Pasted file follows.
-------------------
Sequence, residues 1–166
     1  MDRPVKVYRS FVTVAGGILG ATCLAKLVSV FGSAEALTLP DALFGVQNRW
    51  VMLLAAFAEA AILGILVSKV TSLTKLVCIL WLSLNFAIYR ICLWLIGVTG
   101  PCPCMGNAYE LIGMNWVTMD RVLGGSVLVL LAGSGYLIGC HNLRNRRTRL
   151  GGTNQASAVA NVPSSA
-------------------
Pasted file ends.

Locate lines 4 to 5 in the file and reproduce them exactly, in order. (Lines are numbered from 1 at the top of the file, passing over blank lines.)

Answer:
   101  PCPCMGNAYE LIGMNWVTMD RVLGGSVLVL LAGSGYLIGC HNLRNRRTRL
   151  GGTNQASAVA NVPSSA